Imagery And Symbolism In Kate Chopin's 'The Storm'

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Storytelling has been a common pastime for centuries. Over the years it has evolved into different styles containing different themes. Kate Chopin, a well-known author of the 20th century, wrote stories about the secrets in women’s lives that no one dared to speak of. Her work was not always appreciated and even considered scandalous, but it opened up a world that others were too afraid to touch. In Chopin’s story “The Storm,” a woman has an affair that causes an unlikely effect. The story’s two themes are portrayed greatly through an abundance of imagery and symbolism, along with the two main characters themselves.
The first theme that is prevalent throughout the story is love. The main characters, Calixta and Alcee, love their families. When Calixta realizes the treacherous storm brewing in the distance, she fears for the safety of her husband and child. Alcee admits to missing his family in a “loving letter, full of tender solicitude” (Chopin 126). However the theme itself does not stop at love. It delves deeper into a more specific type of passion: affair.
The theme of the affair is emphasized through two key symbols that are found throughout the story: the color white and the storm. The color white is used to represent the sexual tension between the two. Calixta’s “white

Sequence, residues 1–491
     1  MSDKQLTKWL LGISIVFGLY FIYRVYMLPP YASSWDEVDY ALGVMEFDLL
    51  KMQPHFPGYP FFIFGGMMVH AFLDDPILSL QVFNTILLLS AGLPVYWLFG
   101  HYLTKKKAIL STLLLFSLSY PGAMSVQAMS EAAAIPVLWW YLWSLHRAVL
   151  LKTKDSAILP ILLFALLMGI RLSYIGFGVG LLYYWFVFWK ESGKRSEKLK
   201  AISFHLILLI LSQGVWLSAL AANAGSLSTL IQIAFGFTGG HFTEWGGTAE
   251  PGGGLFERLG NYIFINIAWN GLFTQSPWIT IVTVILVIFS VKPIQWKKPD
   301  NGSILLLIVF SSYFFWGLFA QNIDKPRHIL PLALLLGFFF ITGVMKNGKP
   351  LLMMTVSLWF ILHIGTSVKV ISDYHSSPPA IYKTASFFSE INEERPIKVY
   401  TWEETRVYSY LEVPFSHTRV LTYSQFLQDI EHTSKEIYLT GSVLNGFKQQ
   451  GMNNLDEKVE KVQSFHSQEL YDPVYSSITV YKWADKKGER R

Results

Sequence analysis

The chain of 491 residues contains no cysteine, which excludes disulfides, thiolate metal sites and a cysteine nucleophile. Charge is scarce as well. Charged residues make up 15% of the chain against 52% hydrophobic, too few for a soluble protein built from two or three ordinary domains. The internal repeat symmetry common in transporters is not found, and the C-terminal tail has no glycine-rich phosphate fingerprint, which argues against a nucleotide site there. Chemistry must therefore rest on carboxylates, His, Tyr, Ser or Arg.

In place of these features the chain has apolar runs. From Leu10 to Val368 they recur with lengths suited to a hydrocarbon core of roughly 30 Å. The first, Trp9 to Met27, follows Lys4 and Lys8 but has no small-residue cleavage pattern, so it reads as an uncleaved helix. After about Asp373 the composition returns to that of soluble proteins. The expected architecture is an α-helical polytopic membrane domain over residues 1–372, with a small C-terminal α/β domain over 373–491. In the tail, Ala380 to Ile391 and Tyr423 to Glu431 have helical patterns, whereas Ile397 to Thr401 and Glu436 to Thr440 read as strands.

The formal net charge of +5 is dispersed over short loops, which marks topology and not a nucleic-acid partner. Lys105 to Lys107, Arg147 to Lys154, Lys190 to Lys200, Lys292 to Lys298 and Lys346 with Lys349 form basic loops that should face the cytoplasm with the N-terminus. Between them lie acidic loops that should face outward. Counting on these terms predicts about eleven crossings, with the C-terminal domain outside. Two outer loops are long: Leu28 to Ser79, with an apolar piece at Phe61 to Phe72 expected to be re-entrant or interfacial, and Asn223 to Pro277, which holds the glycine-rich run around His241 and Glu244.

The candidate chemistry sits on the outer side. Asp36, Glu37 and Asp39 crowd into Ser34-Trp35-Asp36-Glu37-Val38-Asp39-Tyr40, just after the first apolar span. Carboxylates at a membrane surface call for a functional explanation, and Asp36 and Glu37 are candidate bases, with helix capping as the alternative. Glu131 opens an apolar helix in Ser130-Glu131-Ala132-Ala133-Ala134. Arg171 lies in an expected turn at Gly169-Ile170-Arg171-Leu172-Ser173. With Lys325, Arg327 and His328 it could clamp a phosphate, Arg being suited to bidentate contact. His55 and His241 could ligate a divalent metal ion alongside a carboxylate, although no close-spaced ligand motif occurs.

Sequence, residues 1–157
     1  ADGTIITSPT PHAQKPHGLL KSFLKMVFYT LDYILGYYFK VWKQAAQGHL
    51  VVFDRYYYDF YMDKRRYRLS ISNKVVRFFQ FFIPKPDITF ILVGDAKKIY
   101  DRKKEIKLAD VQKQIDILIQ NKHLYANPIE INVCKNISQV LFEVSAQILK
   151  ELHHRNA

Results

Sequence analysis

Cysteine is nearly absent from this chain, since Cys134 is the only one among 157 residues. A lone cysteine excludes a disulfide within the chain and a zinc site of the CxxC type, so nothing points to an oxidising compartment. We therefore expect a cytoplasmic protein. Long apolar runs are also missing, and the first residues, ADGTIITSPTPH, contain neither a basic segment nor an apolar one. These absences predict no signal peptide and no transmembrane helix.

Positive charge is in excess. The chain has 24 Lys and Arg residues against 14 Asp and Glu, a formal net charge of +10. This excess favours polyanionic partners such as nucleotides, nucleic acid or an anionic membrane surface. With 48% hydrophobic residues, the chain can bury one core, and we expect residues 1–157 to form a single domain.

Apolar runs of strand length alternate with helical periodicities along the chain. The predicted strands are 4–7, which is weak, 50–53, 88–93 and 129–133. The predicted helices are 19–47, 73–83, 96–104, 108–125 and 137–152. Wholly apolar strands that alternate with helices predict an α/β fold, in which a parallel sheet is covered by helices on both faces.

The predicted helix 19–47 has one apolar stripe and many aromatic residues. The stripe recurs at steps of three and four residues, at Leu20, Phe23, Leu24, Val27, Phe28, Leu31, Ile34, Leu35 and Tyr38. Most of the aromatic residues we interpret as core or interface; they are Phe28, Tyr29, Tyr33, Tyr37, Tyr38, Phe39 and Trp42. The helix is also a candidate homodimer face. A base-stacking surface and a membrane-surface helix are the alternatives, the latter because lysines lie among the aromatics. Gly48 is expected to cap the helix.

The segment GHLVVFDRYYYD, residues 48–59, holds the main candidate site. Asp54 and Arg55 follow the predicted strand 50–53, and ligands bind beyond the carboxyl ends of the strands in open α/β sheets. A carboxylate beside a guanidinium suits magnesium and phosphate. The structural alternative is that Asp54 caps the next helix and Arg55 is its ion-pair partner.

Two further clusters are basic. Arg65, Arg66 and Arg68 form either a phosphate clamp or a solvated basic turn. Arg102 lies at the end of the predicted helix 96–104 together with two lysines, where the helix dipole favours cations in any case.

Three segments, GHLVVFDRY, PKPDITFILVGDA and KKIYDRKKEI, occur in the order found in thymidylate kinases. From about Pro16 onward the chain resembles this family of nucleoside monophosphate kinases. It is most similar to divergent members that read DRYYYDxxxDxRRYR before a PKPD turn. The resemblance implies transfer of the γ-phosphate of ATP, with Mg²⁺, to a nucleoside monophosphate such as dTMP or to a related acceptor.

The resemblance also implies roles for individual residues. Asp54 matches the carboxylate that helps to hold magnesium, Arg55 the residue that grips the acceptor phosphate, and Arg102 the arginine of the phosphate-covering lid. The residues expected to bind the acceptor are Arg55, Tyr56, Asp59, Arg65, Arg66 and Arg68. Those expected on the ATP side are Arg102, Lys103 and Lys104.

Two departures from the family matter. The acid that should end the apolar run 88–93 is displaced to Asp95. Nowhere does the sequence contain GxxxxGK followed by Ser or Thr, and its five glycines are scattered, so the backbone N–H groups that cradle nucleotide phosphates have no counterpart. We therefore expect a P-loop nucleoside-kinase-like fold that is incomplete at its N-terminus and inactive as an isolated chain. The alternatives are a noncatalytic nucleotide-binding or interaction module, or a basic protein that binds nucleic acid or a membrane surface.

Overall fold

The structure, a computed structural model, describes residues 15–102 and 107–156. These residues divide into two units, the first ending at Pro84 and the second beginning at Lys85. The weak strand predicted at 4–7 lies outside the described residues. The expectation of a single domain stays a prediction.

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These two themes are built upon two main characters. Even the smallest details of these characters bring out the themes in a way that can only give the story a happy ending. Calixta still has a place in her heart for Alce, her prince charming, which gives the affair a chance to happen. The overall story is symbolized through the color white and the passing storm which intensifies all of the emotions in the story. “The Storm” was a controversial story that many did not approve of when it was first written. Today it is appreciated, along with most of Chopin’s work, as an important part of the feminine